Friday 18 June 2021
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Nammic and NSFAF’s million dollar marriage

With the contract between Namibia Student Financial Aid Fund(NSFAF) and Nam-mic Payment Solutions due to end later this year, students are waiting anxiously to see how the new contract will be constituted and whether their concerns regarding high banking charges will be addressed.
Since Nammic and NSFAF signed a three-year contract for the provision of student payment solution services, students have reported  countless complaints over the payment system while student representatives have asked the financial regulatory body to investigate the company contracted to facilitate the system.
According to the contract, NSFAF paid a once-off license fee of N$1.2 million for the duration of the contract.
But despite the clear regulations in the contract, some students at tertiary institutions accessing their educational loans from the Namibia Students Financial Assistance Fund (NSFAF) through Nam-mic have accused the company of ripping them off through high transactional fees.
NSFAF outsourced the administration and money management functions to Nam-mic when it changed its funding model for local institutions from the traditional fixed rate.
The Namibian National Students Organization (NANSO) in the past accused Nam-mic of ripping off the students.
Students are allegedly charged between N$5 to N$10 on as little as an N$100 withdrawal at Nam-mic, while NSFAF is turning a blind eye to students’ complaints. NSFAF can do bulk banking with any other bank. Why should there be a middle-man? Commercial banks have student bank accounts of which students are only charged once a month for withdrawals.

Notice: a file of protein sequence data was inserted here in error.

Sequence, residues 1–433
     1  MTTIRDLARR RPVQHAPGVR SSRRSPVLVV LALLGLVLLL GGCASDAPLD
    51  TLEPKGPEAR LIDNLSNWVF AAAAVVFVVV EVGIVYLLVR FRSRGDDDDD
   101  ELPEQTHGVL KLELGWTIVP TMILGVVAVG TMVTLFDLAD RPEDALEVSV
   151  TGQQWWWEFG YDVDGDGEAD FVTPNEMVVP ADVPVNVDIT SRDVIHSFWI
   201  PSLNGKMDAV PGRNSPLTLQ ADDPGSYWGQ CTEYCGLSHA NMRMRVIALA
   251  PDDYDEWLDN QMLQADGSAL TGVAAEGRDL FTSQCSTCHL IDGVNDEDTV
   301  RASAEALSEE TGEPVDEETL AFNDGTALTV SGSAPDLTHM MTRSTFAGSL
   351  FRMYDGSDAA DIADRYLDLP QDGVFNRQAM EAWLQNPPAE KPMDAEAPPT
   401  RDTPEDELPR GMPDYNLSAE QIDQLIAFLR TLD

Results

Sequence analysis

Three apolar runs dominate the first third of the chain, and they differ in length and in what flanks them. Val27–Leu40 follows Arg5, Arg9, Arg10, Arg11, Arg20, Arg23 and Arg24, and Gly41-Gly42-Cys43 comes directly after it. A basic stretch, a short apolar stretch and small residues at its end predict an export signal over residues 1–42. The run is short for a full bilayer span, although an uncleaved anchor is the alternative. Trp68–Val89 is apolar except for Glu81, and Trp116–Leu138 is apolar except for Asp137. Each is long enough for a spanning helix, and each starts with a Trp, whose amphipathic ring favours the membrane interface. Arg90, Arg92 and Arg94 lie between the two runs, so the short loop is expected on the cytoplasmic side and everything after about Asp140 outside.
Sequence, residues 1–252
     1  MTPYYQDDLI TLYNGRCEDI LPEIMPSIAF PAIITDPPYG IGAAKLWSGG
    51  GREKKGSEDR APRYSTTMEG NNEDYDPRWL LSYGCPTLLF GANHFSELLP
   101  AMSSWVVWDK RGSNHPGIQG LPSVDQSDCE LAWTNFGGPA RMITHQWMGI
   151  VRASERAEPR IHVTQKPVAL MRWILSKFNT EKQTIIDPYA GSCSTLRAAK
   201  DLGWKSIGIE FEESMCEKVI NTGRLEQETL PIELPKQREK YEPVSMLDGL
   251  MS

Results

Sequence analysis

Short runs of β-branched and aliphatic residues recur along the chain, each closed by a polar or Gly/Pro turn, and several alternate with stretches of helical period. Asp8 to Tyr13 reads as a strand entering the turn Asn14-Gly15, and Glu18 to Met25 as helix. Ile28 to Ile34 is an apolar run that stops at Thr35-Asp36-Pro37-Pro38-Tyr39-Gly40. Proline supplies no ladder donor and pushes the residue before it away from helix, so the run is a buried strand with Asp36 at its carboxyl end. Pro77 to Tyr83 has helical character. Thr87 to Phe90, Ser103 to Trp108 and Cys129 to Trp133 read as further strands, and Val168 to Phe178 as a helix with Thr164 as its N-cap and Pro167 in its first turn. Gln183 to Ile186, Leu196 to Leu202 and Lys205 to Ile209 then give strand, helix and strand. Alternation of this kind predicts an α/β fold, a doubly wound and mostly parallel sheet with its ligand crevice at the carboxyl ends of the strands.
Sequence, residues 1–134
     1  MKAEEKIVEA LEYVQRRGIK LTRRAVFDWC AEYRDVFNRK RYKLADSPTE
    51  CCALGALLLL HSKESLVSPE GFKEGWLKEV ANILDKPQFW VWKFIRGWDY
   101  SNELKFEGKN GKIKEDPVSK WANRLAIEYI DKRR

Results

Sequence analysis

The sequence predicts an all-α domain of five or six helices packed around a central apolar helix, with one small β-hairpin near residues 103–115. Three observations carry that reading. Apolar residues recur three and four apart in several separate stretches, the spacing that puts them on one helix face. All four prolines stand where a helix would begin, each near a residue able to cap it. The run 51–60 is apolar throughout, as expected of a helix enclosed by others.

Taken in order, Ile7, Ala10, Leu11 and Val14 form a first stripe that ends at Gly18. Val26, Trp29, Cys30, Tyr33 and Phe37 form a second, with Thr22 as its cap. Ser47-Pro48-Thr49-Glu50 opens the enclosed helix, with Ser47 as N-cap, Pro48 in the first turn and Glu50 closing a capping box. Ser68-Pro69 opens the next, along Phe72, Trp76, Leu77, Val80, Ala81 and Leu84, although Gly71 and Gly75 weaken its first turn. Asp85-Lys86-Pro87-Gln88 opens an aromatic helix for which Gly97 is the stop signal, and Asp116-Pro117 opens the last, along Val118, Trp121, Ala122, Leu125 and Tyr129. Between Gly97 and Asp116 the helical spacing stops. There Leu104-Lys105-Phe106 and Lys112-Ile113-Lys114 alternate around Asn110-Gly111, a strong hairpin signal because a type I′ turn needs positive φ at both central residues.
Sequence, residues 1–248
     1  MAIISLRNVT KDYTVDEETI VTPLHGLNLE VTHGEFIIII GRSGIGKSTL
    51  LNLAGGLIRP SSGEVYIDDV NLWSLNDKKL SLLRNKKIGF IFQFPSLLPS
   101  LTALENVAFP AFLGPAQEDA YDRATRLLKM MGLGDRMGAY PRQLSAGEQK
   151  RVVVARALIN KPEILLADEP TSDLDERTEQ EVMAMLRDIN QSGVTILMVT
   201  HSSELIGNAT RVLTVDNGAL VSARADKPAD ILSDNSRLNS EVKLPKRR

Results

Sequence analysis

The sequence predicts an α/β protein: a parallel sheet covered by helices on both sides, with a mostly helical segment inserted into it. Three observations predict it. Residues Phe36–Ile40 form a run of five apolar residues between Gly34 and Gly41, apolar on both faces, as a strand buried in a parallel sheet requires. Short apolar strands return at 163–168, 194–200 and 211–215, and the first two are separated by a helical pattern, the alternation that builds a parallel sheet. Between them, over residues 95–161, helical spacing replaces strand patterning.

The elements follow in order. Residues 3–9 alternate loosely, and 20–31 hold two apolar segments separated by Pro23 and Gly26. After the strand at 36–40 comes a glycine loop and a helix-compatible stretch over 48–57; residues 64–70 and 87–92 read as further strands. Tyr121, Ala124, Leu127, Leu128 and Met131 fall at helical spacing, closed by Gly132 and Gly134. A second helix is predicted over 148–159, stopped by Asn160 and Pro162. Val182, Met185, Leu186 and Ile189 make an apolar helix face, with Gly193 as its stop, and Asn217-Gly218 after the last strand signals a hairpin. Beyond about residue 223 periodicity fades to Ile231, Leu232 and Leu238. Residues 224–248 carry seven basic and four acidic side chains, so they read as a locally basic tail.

However this is not the case with Nam-mic where students are charged on every withdrawal made.”
The Namibia University of Science and Technology’s student representative council also accused Nam-mic Payment Solutions of ripping off students, and has requested Namfisa to investigate.
Under the current payment system, all payments are deposited into students’ accounts through Nam-mic.
The students then access the money using cards issued by Nam-mic to pay tuition fees and cover other costs. The Nam-mic card system is being used by Unam, NUST and IUM students.
However, some students claim that Nam-mic overcharges them for withdrawals made at Bank Windhoek ATMs.
Should NSFAF decide to renew the contract after the 3 year contract, a license fee of N$ 350 000 per year will apply.
The contract stipulates that a disbursement fee of N$3.50 will be charged per account to facilitate the disbursement of funds as per pocket/Wallet allocation.
Nammic further charges NSFAF beneficiaries N$30 for the procurement and personalization of a branded Mag strip NSFAF Beneficiary card.
According to the document, the card has three features that the beneficiaries can make use of to access funds for different purposes.
Tuition pocket/wallet: This pocket will be used to pay tuition fee directly to Institution of Higher Learning. This pocket/wallet will be loaded by NSFAF and can only be used to pay tuition fees. Money loaded in this pocket/wallet will be assigned to a specific university, i.e. it must be emptied by that specific university (cashier desk) and cannot be paid to a different university unless a student applies for a change of university.
Upkeep pocket/wallet: This pocket/wallet will be used to pay for non-tuition fees at Institutions of Higher Learning’s dining hall, cafeterias, and designated outlet in and around campus as well as off campus.
Personal pocket: This pocket/wallet will be used for any other purpose, i.e. depositing of money by parents/guardians. This pocket/wallet can be loaded by students and can be used at any registered participant.
The contract will expire on 23 November 2018.

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